Asn work HELP?

  1. Hi im a junior in highschool but im taking the jumpstart program which is basically bypassing the harder classes and i can go straight to a technical college after school, this year im taking adv nutrition, psychology, EMR, Allied health 2 and senior year idk if i should take CNA course or the EMT course. So my question is which ever course i choose ill have my certification when i graduate , so i plan on going to community college i want to take the asn/adn program but i know lots of nursing jobs prefer bsn but if i have experience in either cna or emt whichever i pick will it help my chances of getting a job with and asn.
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    About yannah23

    Joined: Nov '17; Posts: 1


  3. by   NurseSpeedy
    No really. It will get you a job as that particular role while going to school for your RN. If the facility hires 2 year program RNs then when you graduate and pass your NCLEX you will know people and if your facilyfinds you a good fit the. They would hire you. If they only hire 4 year degree RNs and/or 2 year with experience then you would have to go elsewhere. There are still many places that hire associate level nurses into acute care. It just depends on the market. LTC would be even easier (at least where I live- but we have over 20 hospitals within a 1 hour distance of my home and a LTC practically on every corner. One interestion and literally6 LTC within view. Even with the hike in insurance premiums since 2004 it's still God's waiting room). Most hospitals offer tuition reimbursement and a 4 year can be accomplished online. Some are asking that you sign a paper on when you will start a BSN program and when you have to finish and HR will track your progress, but their paying for it which helps.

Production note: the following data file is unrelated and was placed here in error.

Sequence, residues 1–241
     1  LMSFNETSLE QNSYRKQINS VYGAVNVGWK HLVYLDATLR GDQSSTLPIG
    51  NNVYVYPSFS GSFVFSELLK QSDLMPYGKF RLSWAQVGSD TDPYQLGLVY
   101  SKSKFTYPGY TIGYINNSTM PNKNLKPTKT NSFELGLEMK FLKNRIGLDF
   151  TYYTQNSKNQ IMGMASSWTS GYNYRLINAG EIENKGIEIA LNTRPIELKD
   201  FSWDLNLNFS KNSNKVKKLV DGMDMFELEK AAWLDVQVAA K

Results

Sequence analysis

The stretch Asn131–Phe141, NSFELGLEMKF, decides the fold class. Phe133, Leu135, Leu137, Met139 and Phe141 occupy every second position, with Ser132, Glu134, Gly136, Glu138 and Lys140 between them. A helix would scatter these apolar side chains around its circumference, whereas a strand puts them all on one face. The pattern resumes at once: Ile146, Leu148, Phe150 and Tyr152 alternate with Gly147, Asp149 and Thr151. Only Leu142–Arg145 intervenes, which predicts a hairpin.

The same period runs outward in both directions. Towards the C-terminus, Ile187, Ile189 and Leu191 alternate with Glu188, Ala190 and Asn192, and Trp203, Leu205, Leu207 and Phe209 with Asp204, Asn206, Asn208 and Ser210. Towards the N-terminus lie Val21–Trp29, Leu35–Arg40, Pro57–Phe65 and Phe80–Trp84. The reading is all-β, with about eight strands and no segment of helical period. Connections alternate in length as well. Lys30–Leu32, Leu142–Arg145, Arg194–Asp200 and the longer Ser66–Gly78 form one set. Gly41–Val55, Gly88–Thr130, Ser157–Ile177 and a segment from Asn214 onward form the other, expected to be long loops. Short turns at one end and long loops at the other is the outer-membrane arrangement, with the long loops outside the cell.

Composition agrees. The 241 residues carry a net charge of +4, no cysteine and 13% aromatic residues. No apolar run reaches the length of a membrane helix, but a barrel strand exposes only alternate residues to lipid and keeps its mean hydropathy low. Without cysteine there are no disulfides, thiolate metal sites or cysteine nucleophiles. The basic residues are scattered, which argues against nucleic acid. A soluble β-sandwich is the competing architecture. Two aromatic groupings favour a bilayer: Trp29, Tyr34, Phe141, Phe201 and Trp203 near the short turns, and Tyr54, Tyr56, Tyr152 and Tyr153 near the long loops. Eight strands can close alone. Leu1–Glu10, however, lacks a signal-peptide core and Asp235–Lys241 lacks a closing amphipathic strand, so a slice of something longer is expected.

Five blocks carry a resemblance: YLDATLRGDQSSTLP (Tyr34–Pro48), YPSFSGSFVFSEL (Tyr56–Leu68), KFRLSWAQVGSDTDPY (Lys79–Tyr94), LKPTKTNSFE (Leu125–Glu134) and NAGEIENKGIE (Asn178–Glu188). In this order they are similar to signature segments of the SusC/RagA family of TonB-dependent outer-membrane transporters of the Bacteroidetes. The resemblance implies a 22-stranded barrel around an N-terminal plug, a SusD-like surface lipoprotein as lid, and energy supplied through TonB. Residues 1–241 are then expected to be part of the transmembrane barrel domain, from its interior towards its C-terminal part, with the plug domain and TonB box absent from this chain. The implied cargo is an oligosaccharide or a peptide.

I think it's great that you are this focused at such a young age. Please also remember to be a kid too. You're only young once and working in healthcare will make you grow up really fast. I'm not saying that it's a bad thing.I started working as a nurse right after my 20th birthday and I'm glad I chose that route. I do look back and notice that I grew up a lot faster than my peers and saw a lot of things as a teen that I may not have been ready for. Seeing a (really bad) code at 18 was a lot to take in. It makes you realize how precious life is and how things can change in an instant with one bad decision (the patient's, not a nursing error). It makes us realize our own mortality. I know it may sound a bit morbid but it was a lot easier to handle in my mid/late 20s than late teen/early 20s. I think that was just part of my brain reaching full maturity and not everyday exposure to it. Don't get me wrong, most patients live and have positive outcomes, but the ones that don't and still had so much to live for can leave you with many questions about life that you just don't know the answers to.